How to clean, season and care for your Hallman Originals
For some, the idea of using cast iron in the kitchen is a worrisome thought. Stories of needing expert culinary knowledge and hassle of food burning or sticking have been passed through social circles for years. Not to mention the cleaning process for those scared of scrubbing away the seasoning of their pan. The truth of using cast iron is not as scary as you may think. When done properly, using cast iron cookware is quicker and easier than the “non-stick” alternatives. We have put together a guide on how to season, clean and care for your cast iron cookware. Let go of the fear and embrace the classic experience that is cast iron. You will find that your Hallman Originals cookware is economical, durable and more versatile than any pan in your pantry.
Step 1: Washing your Cast Iron (Pre-Seasoning)
This is the only time you will use soap on your cast iron. The number one rule for cleaning your cast iron pan is without a doubt NO DISHWASHER. The harsh washing process of most dishwashers and the heated drying process may damage your seasoning or cause rust spots to form on the iron itself. Using warm, light soapy water, wash the pan with a rag. Dry off with a towel and get ready to season your cast iron.
Step 2: Seasoning Your Cast Iron
“Seasoning” of cast iron refers to creating a non-stick coating; not a reference to taste or flavor on the iron. Baking oil onto the pan creates a bond between the oil and iron creating a non-stick surface. Your cast iron will continue to season the more you use it.
1: Preheat your oven to 450°F. Place a baking sheet on the bottom rack of your oven. You can place aluminum foil on the baking sheet for easier cleanup. Place your pan on the top rack, leaving it in for around 3-5 minutes or until completely dry from the washing. This step opens the pores of the iron, allowing a space for oil to bond.
2: Remove the pan from the oven and prepare to apply the oil. The best oil to use for seasoning cast iron is flax-seed oil. Flax-seed oil is food grade equivalent of Linseed oil. Linseed oil is used by woodworkers to create a tough, protective layer on their work. Soybean oil is a cheaper alternative to flax-seed oil, but flax-seed is recommended. Apply 1 Tbsp. of oil to the pan. Wipe the entire pan down using a paper towel or thin rag. Wipe the pan down until it looks almost dry. There is oil on the pan even if it does not look like it. Make sure there is no excess oil left on the pan. Excess oil can can leave spots of thick sticky oil on the pan.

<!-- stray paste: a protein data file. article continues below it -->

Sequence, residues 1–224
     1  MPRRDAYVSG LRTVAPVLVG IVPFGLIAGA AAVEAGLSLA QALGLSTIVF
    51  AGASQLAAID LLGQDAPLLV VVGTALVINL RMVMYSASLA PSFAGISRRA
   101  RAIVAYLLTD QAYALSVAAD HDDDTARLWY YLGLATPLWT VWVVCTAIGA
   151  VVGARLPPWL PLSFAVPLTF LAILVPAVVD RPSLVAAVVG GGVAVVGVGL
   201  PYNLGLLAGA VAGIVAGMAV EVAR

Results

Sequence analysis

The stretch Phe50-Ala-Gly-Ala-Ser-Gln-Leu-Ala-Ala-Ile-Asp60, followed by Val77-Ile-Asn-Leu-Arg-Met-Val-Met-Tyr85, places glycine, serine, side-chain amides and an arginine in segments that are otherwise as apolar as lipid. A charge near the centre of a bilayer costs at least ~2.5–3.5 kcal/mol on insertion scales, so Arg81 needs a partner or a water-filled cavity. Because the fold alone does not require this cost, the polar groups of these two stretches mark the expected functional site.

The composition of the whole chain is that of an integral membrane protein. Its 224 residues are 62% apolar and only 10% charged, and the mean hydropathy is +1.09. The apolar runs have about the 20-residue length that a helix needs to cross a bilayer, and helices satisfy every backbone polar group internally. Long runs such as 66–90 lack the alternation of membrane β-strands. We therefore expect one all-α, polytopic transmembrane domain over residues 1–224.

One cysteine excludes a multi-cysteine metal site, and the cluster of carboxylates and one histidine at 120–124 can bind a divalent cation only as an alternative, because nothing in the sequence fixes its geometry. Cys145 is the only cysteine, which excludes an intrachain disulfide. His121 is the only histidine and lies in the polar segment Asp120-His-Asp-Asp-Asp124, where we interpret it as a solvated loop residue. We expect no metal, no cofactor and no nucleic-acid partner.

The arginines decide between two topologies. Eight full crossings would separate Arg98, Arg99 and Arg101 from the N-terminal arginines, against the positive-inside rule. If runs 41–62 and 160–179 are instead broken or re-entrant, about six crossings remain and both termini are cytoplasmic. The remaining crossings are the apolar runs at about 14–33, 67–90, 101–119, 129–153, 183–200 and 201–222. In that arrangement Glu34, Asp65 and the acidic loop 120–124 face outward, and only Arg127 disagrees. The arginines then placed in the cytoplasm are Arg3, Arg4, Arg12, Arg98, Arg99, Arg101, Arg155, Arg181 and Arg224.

3: Place the pan on the top rack of the oven upside down. Bake the pan for 1 hour.
4: After 1 hour, turn off the oven and let the pan cool to room temperature inside of the oven. Once the pan is cooled, repeat this process at least 2 or 3 more times. As mentioned before, the more you use your pan, the more seasoned it will become.
Step 3: Cooking in Your Cast Iron
Now that your pan is seasoned, it is time to start cooking! For good starter recipes, take a look at our recipes page. At Hallman Originals, we recommend your first venture into cast iron cooking be bacon. Not only is it delicious, its high fat content helps progress your pans seasoning.
Step 4: Washing Your Cast Iron (Post Seasoning)
The key to keeping your cast iron in good working condition is proper cleaning. Living by a few simple rules will keep your cast iron in great shape with the ability to pass it on to future generations. Do not store food in your cast iron. Acids from certain foods can break down your seasoning surface. Do not let the cast iron soak in water. Letting the pan soak, especially in soapy water, can break down the seasoning surface as well. The following steps will help keep your pans seasoned surface from breaking down.
1: Remove all leftovers from the pan. While the pan is still warm, add enough hot water to cover the bottom of the pan. Using a sponge or non-metal brush, clean the remnants of food from the pan. To remove any food that may be stuck to the pan, drain the water and add a half cup of coarse kosher salt. Wet the salt a small amount with hot water. Using a rag on the salt, scrub lightly on the stuck on spots. Discard the salt and rinse the pan with hot water.
2: Dry your pan completely. Any water left on the pan can cause it to rust. After using a towel to hand dry, place the pan on the stove top over low heat. Heat the pan until it is completely dry.
3: Once the pan is completely dry, use a paper towel or cloth to apply oil to the pan. Allow to cool to room temperature and wipe away any excess oil.
4: Store in a dry area with any lid off. Now that you are ready to season and maintain your Hallman Originals cast iron, check out our recipes page. Your Hallman Originals pan is ready for generations to come.